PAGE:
Since starting these starter experiments, I have learned a couple things. First of all, pour some of the starter out when you feed it, rather than keeping massive quantities around. (Thanks, housemates, for tolerating the four large Mason jars and yogurt containers filled with smelly starter). More than making it manageable, it does seem to affect the life of the starter (mine only became picture - perfect once I became ruthless with pouring out the starter). Once it is thick and bubbly, it is fairly flexible, as long as it is fed regularly. Indeed, I learned that you don't have to feed it with wheat flour all the time... having run out of flour unexpectedly, I tipped some rolled oats into the starter instead (without even grinding them!) and it worked just as well for two days of feedings. Another thing to note is that bakers traditionally name their starters; while some look for puns on the process of making sourdough, I went the historical route. My starter is named Rosa Luxemburg, because she's revolutionizing the way I bake (Har har).
If you don't have the time to feed your starter every day, you can store it in the fridge and come back to it in a week. It'll take a little time to get back to life - it will be liquidy like crepe batter, rather than thick like muffin batter, at first. Similarly, it takes a little extra time to get back into the mode of research and writing after you've been answering phones and grading papers to afford the rent each month. But the starter, and the thesis, will be there waiting for you when you're ready to commit to them again.
I'm not thrilled with my starter, or my thesis, at the moment -- just last night I decided to bake a loaf of bread to add to this blog post (and to photograph each stage). It's as though the dough knew my lofty plans and, upset at being photographed at each stage of the process, went flat as a pancake once in the oven. (Anthropomorphism aside, I know that I over-proofed it. This was partially my fault for oversleeping, and partially the fault of the June heat in my kitchen).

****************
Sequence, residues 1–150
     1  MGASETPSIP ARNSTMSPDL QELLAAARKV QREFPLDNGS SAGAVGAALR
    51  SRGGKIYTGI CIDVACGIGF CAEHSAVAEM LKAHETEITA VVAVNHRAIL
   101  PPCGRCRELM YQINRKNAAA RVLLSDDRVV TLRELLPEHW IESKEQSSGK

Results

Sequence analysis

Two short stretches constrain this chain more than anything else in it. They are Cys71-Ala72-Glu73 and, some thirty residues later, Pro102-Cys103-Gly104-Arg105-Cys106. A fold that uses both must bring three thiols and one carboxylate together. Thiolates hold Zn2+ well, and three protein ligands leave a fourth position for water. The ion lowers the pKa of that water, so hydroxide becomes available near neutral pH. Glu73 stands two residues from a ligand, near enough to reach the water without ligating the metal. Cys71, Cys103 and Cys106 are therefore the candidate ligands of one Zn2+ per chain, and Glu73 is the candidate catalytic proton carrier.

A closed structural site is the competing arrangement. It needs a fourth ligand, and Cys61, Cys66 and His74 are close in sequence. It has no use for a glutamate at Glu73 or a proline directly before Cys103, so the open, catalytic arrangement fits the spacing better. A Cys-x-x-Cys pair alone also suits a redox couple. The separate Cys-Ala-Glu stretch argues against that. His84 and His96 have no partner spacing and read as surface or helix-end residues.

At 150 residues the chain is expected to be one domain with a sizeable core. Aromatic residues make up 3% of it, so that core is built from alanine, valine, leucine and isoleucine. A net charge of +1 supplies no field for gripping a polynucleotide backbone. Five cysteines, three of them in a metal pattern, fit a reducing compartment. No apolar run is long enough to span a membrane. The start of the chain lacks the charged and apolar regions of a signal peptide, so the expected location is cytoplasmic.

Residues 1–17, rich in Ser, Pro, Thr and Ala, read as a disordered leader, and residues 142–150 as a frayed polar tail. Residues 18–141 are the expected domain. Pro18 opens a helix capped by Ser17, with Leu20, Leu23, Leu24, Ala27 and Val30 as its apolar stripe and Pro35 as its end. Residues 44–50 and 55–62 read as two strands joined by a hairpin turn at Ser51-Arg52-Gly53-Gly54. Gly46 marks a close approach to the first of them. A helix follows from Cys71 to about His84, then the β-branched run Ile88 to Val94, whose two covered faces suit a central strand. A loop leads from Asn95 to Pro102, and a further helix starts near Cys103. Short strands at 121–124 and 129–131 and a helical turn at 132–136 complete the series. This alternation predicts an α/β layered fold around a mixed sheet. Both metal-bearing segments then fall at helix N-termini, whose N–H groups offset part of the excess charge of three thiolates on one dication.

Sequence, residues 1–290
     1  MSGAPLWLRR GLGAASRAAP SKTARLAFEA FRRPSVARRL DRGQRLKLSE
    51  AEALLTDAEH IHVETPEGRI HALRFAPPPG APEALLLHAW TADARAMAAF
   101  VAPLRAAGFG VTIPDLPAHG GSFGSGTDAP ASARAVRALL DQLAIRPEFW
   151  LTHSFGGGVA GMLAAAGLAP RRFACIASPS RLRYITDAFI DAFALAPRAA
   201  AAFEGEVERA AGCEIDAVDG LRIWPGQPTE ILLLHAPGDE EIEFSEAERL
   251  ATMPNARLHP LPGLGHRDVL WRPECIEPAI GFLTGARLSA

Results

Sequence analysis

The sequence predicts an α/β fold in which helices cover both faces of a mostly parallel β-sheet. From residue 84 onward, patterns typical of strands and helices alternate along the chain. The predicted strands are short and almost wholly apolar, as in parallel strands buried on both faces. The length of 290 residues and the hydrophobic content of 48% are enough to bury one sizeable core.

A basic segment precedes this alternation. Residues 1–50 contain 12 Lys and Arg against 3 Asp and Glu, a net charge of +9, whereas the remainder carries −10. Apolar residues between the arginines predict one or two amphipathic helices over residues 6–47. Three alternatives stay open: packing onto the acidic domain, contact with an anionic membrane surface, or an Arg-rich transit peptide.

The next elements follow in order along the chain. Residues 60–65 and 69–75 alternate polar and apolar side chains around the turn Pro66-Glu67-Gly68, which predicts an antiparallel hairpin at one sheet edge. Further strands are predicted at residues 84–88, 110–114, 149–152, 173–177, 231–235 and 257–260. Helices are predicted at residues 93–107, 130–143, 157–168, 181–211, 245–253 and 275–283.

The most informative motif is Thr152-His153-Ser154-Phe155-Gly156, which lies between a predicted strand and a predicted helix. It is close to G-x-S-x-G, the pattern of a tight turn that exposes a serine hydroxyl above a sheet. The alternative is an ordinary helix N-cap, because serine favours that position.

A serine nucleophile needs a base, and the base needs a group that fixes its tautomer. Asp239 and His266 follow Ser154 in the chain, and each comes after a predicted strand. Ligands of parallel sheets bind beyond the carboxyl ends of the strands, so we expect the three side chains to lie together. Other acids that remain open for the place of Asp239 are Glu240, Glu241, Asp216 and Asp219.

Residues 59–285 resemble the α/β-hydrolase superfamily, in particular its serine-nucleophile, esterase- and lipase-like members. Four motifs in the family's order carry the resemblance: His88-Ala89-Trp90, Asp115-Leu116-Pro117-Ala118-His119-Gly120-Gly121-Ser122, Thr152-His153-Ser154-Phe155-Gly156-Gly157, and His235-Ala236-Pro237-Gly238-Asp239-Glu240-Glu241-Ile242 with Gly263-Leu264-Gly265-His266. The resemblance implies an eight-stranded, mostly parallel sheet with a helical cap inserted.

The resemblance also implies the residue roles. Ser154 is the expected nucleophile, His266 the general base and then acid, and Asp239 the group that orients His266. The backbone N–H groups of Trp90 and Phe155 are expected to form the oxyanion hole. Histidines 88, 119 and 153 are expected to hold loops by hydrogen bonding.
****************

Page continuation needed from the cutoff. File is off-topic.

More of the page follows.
At times like these, whether your bread collapsed or your attempts to get some work done ended up in a cat-video marathon, it's important to see what you can learn from your mistakes, and try again the next day. You can't build a starter, or a master's thesis, overnight. Both take careful planning and repeated effort. Like writing a long work such as a thesis, building a sourdough starter from scratch requires daily effort, experimentation, and determination. You may not know what you're building when you start, and it'll take some practice, effort, and the advice of good friends to make it great, but the pride of looking at something you built from scratch is unbeatable. I am sure that the feeling of finishing my master's degree will be much the same. After all, if I get excited over the air bubbles in flatbreads, I can't imagine how proud I'll be when I turn in that paper a couple of months from now.
When I've finalized a bread recipe that I love, I'll add it to the blog. In the meantime, you can slip sourdough starter in just about anywhere that you'd use yeast or other leavening agents like baking powder -- not only flatbreads, but muffins, pancakes, etc. If you live in or near Montreal and you'd like to try some of my starter, please ask. I'm happy to share!
(post by Kathleen Gudmundsson)